No. 81-3-442, On Appeal from the Order of the Commonwealth Court No. 1516 CD 1981, dated June 25, 1981
Joseph F. Boyle, I.P.P., Nanticoke, for appellant.
Walter F. Froh, Sp. Deputy Atty. Gen., Harrisburg, for appellee.
Roberts, C.j., and Nix, Larsen, Flaherty, McDermott, Hutchinson and Zappala, JJ. Zappala, J., filed a concurring opinion in which Roberts, C.j., joins. Nix, J., filed a dissenting opinion in which McDermott, J., joins. McDermott, J., filed a dissenting opinion. Hutchinson, J., filed a dissenting opinion.
In this appeal we are confronted with the question of whether a court has the power and authority to dismiss a complaint, sua sponte, before the complaint is served on the named defendant and without affording the plaintiff an opportunity to be heard.
On June 24, 1981, the appellant, Joseph F. Boyle, filed, pro se, an action in equity against Helen B. O'Bannon, Secretary, Department of Public Welfare, Commonwealth of Pennsylvania. In his complaint appellant alleges that the defendant wilfully infringed upon his legally protected rights by malicious conduct which invades his privacy, subjects him to continual harrassment, physical molestation, and psychological abuse, and tends to heap public ridicule upon him.*fn1
On June 25, 1981, one day after the appellant filed his complaint, and before the complaint was served on the defendant, the Commonwealth court, without further comment, entered the following per curiam order:*fn2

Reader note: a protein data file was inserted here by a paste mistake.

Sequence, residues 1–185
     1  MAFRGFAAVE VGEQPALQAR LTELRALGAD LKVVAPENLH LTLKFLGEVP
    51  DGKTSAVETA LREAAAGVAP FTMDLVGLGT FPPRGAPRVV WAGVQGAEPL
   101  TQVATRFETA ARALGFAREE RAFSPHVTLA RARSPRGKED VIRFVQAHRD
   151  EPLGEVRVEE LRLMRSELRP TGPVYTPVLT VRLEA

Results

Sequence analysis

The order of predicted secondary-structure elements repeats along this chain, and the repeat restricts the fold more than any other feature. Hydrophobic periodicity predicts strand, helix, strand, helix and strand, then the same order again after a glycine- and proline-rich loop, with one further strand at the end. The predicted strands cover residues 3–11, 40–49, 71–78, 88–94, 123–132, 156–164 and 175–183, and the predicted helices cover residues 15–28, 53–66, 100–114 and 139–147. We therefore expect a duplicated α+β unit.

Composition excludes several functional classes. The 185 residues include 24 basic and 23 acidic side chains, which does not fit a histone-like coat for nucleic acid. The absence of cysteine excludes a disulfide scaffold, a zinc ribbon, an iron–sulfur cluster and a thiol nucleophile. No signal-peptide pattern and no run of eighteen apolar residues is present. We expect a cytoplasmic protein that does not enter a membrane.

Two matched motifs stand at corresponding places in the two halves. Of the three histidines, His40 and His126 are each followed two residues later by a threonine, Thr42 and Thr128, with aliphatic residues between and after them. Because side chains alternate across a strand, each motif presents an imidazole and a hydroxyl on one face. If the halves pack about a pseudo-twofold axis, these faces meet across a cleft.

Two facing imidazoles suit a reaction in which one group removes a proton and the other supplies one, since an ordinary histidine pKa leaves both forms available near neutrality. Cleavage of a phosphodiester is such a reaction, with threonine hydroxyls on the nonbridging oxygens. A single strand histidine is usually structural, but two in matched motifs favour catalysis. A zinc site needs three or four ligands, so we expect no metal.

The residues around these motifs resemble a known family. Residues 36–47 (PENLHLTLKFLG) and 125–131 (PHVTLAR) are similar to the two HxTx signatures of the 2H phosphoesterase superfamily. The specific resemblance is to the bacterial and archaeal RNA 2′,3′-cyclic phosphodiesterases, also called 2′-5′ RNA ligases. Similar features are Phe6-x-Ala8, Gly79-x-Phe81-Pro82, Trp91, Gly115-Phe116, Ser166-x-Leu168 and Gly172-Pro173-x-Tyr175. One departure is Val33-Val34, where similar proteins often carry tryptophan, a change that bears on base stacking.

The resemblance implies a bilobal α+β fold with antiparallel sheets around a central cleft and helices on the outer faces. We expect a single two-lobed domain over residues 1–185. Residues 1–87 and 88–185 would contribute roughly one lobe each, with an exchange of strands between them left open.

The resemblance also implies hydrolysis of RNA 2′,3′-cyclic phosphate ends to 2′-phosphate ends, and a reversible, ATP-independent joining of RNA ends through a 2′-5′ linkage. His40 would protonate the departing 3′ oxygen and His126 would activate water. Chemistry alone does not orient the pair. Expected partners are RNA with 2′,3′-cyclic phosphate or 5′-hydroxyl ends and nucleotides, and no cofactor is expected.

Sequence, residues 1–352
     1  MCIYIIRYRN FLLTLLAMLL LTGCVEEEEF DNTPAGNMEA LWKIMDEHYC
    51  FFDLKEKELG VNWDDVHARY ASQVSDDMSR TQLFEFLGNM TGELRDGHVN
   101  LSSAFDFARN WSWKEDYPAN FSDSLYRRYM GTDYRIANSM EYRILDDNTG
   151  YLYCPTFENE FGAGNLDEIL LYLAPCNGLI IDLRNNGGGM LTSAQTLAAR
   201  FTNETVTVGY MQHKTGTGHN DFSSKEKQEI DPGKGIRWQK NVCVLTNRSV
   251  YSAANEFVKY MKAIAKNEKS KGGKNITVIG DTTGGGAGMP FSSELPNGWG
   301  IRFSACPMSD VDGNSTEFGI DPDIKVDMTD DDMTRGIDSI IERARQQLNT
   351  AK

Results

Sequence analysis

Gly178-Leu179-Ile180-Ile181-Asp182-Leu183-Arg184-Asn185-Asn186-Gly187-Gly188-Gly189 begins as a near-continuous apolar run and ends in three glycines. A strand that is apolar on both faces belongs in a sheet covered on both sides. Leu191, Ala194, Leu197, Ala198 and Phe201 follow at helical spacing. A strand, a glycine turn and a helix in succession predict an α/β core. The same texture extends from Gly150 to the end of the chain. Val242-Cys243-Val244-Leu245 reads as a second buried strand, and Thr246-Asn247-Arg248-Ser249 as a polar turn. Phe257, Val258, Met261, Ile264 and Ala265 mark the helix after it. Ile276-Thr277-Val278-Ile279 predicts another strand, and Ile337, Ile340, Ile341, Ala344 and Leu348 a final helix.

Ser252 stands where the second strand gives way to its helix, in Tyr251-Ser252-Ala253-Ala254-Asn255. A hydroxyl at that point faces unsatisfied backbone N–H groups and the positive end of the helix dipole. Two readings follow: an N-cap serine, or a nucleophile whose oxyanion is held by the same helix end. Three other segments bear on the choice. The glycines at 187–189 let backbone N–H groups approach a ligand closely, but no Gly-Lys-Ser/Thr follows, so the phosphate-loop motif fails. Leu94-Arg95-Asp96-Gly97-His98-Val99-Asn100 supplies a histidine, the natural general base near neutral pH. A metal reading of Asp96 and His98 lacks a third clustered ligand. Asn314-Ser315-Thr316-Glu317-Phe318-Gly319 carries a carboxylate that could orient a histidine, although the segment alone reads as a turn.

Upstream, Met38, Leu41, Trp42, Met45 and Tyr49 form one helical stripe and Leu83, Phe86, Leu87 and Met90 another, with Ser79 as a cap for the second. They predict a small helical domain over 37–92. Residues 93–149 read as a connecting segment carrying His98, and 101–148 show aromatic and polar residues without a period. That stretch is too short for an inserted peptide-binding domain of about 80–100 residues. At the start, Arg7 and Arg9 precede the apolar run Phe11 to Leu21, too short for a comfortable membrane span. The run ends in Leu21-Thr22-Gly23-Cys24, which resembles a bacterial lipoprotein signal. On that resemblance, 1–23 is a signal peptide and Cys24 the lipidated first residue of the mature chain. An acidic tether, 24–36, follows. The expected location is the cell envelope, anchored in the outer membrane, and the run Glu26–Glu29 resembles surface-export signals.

"Now, June 25, 1981, the above proceeding is hereby dismissed as frivolous. The chief clerk is directed to return to plaintiff the filing fee in this matter and the check tendered by plaintiff for service of the complaint."
We find it is highly irregular and improper for a court to intercept a lawsuit between the prothonotary's office and the sheriff's desk and summarily dismiss the action; that the Commonwealth court erred in dismissing appellant's complaint and denying him an opportunity to be heard; and therefore we reverse.
Article I, Sec. 11 of the Pennsylvania Constitution provides as follows:
"All courts shall be open; and every man for an injury done him in his lands, goods, person or reputation shall have remedy by one course of law, and right and justice administered without sale, denial or delay . . ."
When the appellant properly commenced his action and paid the required filing fee he activated the judicial machinery of the Commonwealth. The initiation of a lawsuit
contemplates an orderly process leading to a just consideration and ultimate resolution of a claim. To that end effacaious rules of procedure*fn3 govern the legal journey from filing to final order or judgment. There are no special rules that apply to lawsuits which, upon private examination, a judge or panel of judges may regard as frivolous. Our system of justice does not include a judicial minister of undesirable lawsuits whose function it is to review all suits as they are filed, and whose powers include arbitrary and summary dismissal of those filings deemed to be frivolous, or otherwise without merit.